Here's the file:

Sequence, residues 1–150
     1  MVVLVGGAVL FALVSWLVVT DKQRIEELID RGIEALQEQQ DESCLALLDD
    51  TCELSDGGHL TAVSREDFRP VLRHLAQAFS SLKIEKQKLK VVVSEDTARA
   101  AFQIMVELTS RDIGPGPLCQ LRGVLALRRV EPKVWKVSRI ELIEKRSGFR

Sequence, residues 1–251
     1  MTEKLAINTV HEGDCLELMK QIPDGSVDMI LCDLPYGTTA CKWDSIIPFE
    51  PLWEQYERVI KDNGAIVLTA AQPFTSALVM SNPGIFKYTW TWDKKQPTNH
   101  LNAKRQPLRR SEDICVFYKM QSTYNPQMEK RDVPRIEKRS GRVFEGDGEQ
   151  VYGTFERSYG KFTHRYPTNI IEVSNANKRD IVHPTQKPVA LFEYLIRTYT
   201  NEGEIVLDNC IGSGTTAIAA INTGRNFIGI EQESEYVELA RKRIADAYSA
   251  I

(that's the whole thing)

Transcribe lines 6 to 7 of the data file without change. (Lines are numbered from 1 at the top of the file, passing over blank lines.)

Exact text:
     1  MTEKLAINTV HEGDCLELMK QIPDGSVDMI LCDLPYGTTA CKWDSIIPFE
    51  PLWEQYERVI KDNGAIVLTA AQPFTSALVM SNPGIFKYTW TWDKKQPTNH